How many maternal deaths does a region generate to have 100.000 live-births?
The answer to that question reflects inequalities in access to quality health services. According to UN inter-agency estimates showed that In 2020, sub-Saharan Africa had 545 maternal deaths per 100,000 live births as compared to 223 deaths per 100,000 live-births globally, and only 4 deaths per 100,000 live-births in Australia and New Zealand!
The ALERT project aims to design and test interventions aimed at reducing the Maternal Mortality ratio (MMR) in big hospitals that deliver more than 2500 babies per year in Benin, Malawi, Tanzania, and Uganda. Understanding the functionality and readiness of health facilities to provide high-quality maternal and newborn health services using Health Facility Assessment (HFA) tools is needed in designing effective and context-appropriate quality improvement initiatives. Existing HFA tools available for collecting data related to maternal and newborn care lack aspects that cannot be measured and quantified solely by numbers such as governance and leadership.
The ALERT HFA was designed after reviewing existing HFA tools and adapting these to understand complexities in the provision of maternal and newborn care. The tool applies a system thinking approach and is organized in 17 sections which cover broad dimensions for a more well-rounded assessment including, hospital governance, leadership, financing, human resource, health management information system, monitoring and evaluation, and COVID-19 related adjustments to care. The tool is designed to identify system-wide gaps and design interventions that truly respond to the context and the needs of the stakeholders involved in the provision and utilisation of maternal and newborn care.
The overall goal of this study is to draw lessons from the innovative HFA tool, through in-depth conversations with senior experts who implemented the HFA tool, which could be used to improve similar HFAs. Being collected during the COVID-19 pandemic, the ALERT HFA also reflects facilities’ resilience and response to crises.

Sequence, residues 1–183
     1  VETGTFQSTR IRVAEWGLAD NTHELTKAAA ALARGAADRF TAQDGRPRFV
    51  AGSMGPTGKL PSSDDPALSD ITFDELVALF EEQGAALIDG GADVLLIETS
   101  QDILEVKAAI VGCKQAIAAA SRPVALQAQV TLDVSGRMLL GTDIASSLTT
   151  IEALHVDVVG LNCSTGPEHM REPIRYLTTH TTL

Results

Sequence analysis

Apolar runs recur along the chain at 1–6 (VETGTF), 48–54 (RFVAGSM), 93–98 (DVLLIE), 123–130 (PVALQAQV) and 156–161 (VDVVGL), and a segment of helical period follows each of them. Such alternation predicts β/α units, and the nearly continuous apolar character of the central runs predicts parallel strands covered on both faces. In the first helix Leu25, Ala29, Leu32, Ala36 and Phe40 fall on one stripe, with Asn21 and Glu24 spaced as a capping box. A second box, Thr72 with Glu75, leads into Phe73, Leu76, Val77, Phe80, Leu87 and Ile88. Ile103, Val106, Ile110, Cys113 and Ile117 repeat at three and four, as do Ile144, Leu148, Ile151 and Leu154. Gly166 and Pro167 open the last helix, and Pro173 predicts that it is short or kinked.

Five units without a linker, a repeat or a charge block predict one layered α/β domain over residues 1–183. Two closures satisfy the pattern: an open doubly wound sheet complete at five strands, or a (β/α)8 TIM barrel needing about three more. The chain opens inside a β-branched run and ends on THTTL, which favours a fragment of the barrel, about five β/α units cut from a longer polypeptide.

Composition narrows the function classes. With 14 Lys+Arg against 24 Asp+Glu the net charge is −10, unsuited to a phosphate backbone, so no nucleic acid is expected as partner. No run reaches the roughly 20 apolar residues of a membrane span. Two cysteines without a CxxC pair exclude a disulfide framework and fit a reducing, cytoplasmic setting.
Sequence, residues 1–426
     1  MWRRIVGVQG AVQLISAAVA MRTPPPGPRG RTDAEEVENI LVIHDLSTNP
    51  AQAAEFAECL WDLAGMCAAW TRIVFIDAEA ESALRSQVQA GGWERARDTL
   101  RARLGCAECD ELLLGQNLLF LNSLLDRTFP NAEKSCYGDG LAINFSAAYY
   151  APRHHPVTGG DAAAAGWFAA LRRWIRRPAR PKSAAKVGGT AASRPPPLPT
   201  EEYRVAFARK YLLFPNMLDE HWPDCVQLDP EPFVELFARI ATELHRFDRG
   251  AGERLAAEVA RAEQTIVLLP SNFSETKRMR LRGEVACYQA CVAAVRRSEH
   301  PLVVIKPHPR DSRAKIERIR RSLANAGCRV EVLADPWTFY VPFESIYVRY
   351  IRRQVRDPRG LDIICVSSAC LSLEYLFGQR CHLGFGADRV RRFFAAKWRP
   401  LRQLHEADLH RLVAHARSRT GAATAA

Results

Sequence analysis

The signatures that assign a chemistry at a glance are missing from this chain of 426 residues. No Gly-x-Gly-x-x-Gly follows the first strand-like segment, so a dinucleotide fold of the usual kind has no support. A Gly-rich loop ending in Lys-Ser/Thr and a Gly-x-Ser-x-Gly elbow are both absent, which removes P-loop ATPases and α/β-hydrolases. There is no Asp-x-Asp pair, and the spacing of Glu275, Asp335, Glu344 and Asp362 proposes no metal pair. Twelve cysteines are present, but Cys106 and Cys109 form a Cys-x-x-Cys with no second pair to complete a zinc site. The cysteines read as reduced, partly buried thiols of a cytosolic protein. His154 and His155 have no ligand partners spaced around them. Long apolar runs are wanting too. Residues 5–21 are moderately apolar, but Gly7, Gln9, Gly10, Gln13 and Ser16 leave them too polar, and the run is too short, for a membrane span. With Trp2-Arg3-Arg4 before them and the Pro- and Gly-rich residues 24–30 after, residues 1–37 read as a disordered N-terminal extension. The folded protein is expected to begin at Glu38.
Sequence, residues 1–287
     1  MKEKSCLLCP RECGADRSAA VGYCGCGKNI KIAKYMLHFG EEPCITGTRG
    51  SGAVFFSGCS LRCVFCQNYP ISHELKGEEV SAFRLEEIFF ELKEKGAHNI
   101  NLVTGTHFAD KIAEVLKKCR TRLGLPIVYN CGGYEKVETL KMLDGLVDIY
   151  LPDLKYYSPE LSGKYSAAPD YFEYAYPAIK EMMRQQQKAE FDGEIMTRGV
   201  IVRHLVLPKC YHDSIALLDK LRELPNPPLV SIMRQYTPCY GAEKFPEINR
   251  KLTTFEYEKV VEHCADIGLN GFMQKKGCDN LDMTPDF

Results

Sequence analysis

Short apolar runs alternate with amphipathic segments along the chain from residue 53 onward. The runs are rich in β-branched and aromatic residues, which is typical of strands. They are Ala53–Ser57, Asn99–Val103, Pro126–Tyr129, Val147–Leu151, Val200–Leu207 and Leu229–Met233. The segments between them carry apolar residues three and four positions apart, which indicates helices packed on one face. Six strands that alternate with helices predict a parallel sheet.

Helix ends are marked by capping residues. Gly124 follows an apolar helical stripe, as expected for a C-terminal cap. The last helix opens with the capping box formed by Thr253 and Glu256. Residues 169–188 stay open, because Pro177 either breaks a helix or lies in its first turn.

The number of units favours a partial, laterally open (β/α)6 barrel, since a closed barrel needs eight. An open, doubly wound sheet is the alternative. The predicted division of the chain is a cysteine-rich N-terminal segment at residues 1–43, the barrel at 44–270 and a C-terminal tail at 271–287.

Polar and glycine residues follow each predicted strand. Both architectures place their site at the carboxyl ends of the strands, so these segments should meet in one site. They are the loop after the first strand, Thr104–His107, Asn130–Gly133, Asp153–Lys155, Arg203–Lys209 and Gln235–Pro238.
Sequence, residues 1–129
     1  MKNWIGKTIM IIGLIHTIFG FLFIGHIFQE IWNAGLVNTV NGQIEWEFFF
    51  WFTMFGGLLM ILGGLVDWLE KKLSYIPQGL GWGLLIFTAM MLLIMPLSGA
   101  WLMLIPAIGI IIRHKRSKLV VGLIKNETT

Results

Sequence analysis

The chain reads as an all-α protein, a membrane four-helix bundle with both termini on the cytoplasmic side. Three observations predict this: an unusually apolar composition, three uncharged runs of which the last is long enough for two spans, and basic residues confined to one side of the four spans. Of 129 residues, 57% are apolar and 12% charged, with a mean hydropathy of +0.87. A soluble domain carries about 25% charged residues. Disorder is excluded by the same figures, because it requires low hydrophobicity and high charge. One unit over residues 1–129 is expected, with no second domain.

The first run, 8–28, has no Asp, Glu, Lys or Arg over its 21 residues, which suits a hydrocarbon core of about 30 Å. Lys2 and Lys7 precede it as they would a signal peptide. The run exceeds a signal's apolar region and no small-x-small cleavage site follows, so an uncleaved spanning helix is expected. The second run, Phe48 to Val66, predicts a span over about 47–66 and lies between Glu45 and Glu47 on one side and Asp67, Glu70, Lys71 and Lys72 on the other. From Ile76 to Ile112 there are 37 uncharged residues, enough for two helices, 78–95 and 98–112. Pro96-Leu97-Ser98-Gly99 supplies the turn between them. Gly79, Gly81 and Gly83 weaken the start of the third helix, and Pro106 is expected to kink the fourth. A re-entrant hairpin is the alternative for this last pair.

The Figure below shows the challenges experienced and opportunities and strategies taken during the HFA implementation.
Logistically, he main challenges were accessing the key hospital respondents and the high turnover of managerial staff. Also, sharing difficult accessing sensitive information, such as those on finance and maternal deaths, which needed to be approved by managers, most of whom were reluctant to talk about these topics. As far as the methodological challenges, there were human errors and inconsistencies in keeping the data record. Previous working relationships between some of the HFA interviewers and respondents also created biases toward the topics related to governance, human resources, and quality improvement.
To overcome the mentioned challenges, HFA data collectors implemented the following strategies:
In collecting the data, they capitalized on their experiences of local and institutional bureaucracies organization cultures, and power dynamics to be able to make the right move. Additionally, HFA data collectors engaged in advance communication and buil on their existing partnerships with the hospital staff.
Pertaining to measures taken to enrich the quality of data, HFA data collectors included key respondents (senior staff with long experience in the assessed hospitals and communication officers) in addition to those in managerialpositions.
After comparing the sequencing of hospitals for the HFA fieldwork across the teams in the four countries, we found that collecting data from the nearest hospital first and learning from the experience was more efficient as it allowed the teams to revisit the nearest hospital which was assessed first; it would have been harder to do so if they started with the hospitals further away. This way they saved time and gained more quality data.